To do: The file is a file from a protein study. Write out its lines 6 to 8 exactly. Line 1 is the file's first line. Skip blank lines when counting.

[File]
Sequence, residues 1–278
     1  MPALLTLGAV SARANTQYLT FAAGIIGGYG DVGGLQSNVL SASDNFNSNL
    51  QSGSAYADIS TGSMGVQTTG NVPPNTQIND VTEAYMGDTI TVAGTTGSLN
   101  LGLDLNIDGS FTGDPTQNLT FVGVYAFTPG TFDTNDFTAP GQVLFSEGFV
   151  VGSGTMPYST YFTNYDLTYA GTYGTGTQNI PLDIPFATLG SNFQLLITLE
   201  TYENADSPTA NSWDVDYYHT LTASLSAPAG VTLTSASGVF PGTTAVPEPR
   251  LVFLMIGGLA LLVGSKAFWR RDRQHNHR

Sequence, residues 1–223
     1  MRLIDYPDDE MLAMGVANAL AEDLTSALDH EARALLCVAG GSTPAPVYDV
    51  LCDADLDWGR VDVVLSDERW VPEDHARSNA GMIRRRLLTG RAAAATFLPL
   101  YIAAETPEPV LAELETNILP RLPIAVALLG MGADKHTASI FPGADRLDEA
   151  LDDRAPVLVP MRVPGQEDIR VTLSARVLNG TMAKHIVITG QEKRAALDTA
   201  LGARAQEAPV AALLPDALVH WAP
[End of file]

   201  TYENADSPTA NSWDVDYYHT LTASLSAPAG VTLTSASGVF PGTTAVPEPR
   251  LVFLMIGGLA LLVGSKAFWR RDRQHNHR

Sequence, residues 1–223